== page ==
The Man Who Fell to Moon

Nestled within this season of blockbusters—Wolverine! Spock! Terminator robots!—is a more modest film called Moon (in theaters June 12) that

Nestled within this season of blockbusters—Wolverine! Spock! Terminator robots!—is a more modest film called Moon (in theaters June 12) that might just blow your mind. It wasn’t made with a giant studio budget, nor does it feature the CGI effects of a typical sci-fi spectacular. But the movie—about a lonely astronaut living on the moon—is the kind that brings on all sorts of unsettling feelings that stay with you, in a good way, long after the credits roll. Last week, on the day of the film’s Tribeca Film Festival premiere, Moon’s star (and pretty much only cast member—more on that later), Sam Rockwell, was sitting across the table from his director, Duncan Jones.

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“I know there’s this real sort of appeal and love of Sam,” Mr. Jones, 37, said with a grin explaining his decision to work with screenwriter Nathan Parker and create his first feature film specifically for Mr. Rockwell.

The two men had met in January 2007 to discuss a different project that never came to fruition, but they had bonded over a love of science-fiction films from the ’70s and early ’80s: Silent Running, Outland and (of course) 1968’s seminal 2001: A Space Odyssey.

“He’s a handsome, strong man. The girls love him,” Mr. Jones said. 

He’s a handsome, strong man,” countered Mr. Rockwell. Both of these statements are (in The Observer’s opinion) true, but so, too, was the two men’s easy camaraderie, which no doubt came partly from shooting an intense and ambitious film budgeted at $5 million and just 33 days. Still, it wasn’t just science fiction that had them feeling as though they shared a common bond.

“I think we probably both have felt like aliens sometimes,” said Mr. Rockwell, gesturing to Mr. Jones. “I know I do.”

“Definitely,” said Mr. Jones.

“Both of us were only children growing up,” Mr. Rockwell said. “Both of our parents were in the arts, and we got to see things from a weird perspective.”

Indeed. Mr. Rockwell, 40, who has become a beloved, chameleonic character actor thanks to his roles in movies like Safe Men, Confessions of a Dangerous Mind and Frost/Nixon (not to mention his weirdly seductive turn in Charlie’s Angels), grew up the son of two actors in what The New York Times  once described as a footloose childhood. “I think we were both exposed to things early on … adult stuff,” he said.

Which brings us to Duncan Zowie Haywood Jones, a.k.a. “Zowie Bowie,” a.k.a. son of rock supernova David Bowie. Think about it: Mr. Jones was born in 1971, which means that for a few of his formative years, his father was in full-on Ziggy Stardust mode, singing about ground control to Major Tom and spiders from mars. (Is it any wonder Mr. Jones grew up to be so interested in outer space?)

“A lot of the movie, for me, is about the theme of loneliness,” continued Mr. Rockwell. “I think a lot of movies that I grew up digging—aside from those great comedies like Stripes or Animal House or Caddyshack—they were movies like Alien or Taxi Driver or The Deer Hunter or One Flew Over The Cuckoo’s Nest—these were movies that had themes about manhood and what it was like to be a man, and courage, but also intense loneliness. I can only speak for myself, but as an only child I spent a lot of time alone.”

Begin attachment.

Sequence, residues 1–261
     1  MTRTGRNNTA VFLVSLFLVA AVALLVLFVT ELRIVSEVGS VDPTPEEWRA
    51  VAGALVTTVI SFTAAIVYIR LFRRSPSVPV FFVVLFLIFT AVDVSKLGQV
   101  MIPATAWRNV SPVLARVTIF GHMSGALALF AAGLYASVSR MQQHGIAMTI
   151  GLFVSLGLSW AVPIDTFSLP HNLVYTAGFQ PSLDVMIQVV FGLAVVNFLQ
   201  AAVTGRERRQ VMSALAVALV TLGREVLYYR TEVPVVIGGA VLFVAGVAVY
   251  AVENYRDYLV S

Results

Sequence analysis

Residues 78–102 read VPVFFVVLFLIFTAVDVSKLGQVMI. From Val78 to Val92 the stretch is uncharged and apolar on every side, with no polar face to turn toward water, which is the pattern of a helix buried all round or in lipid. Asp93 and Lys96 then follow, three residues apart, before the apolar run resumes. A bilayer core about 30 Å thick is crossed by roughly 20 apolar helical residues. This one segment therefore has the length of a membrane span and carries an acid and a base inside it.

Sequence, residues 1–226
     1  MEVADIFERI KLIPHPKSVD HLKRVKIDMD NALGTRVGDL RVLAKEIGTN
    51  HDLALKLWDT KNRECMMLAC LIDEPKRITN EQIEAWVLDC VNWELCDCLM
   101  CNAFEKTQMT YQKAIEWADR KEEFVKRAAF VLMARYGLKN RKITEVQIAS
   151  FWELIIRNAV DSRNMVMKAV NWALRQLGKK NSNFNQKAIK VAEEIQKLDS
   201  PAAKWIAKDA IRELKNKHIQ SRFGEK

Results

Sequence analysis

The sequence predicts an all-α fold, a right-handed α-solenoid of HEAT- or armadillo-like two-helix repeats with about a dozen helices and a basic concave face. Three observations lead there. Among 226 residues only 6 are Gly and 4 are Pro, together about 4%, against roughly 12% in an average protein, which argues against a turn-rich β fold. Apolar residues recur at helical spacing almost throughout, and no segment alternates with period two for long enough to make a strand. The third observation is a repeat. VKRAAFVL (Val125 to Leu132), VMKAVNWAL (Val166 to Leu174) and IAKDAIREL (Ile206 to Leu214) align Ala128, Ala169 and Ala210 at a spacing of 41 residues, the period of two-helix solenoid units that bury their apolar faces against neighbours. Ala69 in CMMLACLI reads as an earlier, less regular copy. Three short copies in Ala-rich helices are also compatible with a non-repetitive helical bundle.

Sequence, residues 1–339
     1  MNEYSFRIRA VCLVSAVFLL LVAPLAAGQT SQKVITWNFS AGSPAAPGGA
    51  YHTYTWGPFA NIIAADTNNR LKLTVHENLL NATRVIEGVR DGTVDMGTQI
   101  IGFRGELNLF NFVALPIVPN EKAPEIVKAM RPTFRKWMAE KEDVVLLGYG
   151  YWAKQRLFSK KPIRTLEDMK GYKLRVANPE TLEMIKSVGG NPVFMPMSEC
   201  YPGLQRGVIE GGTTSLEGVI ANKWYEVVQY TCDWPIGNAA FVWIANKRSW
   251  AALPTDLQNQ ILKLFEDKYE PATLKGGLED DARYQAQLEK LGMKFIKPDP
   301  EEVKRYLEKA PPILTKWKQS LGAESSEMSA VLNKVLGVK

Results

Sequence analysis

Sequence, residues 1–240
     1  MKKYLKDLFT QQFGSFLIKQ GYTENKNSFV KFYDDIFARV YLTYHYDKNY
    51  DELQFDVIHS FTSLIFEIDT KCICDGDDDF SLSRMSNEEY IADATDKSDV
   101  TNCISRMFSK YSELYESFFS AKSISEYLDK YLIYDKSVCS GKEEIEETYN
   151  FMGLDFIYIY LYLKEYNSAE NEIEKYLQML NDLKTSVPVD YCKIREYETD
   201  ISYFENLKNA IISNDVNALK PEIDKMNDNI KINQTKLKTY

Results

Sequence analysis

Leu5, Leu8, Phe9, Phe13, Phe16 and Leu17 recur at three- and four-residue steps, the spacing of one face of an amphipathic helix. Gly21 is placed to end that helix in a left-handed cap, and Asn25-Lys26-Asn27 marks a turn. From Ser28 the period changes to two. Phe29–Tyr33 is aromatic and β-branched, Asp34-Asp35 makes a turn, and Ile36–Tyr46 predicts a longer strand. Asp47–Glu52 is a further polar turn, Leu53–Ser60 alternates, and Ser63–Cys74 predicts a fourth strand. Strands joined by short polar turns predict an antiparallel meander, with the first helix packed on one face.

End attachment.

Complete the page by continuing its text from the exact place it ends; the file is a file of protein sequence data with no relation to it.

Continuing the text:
“Me, too,” said Mr. Jones.

“I think I understood loneliness,” Mr. Rockwell said.


IN MOON, Mr. Rockwell plays Sam Bell, an astronaut who is close to completing a three-year contract with a company that mines Helium-3—one of the main sources of energy for our little planet, spinning 240,000 miles below. He desperately misses his wife and daughter—his only company is a robot (voiced by Kevin Spacey)—and his health is mysteriously deteriorating when he meets a younger version of himself on the space station, there for just the same reason he is. Mr. Jones, who calls himself, “a bit of a geek,” said he had been influenced by the book Entering Space: Creating a Spacefaring Civilization by astronautical engineer Robert Zubrin. “It’s all about how do you colonize our solar system in a way that makes it financially viable,” he said. “One of the chapters was about Helium-3, which is theoretically a fuel for cold fusion. It was quite a short chapter, but I found it really fascinating because if we are going to colonize space, it’s certainly not going to be for the props—we’re going to do it for the money.”

The idea of having Mr. Rockwell play multiple roles was partly to entice the actor. “It became part of this ingredients list of how do I make a film that Sam wants to be in? I know, I’ll make him play all the roles … and write the theme music, too,” Mr. Duncan joked. It was indeed a challenge for Mr. Rockwell, who had to shoot each scene multiple times, either with a body double or using a Motion Control camera that can replicate body movements identically. Mr. Rockwell would act out the scene, go to hair and makeup to differentiate between the two characters, and then come back to set and do it all over again. It became what the two men described as a kind of dance, having to stick to precise moments to make the scene work—action scenes when the two Sams fight or play Ping-Pong were particularly difficult.

The Man Who Fell to Moon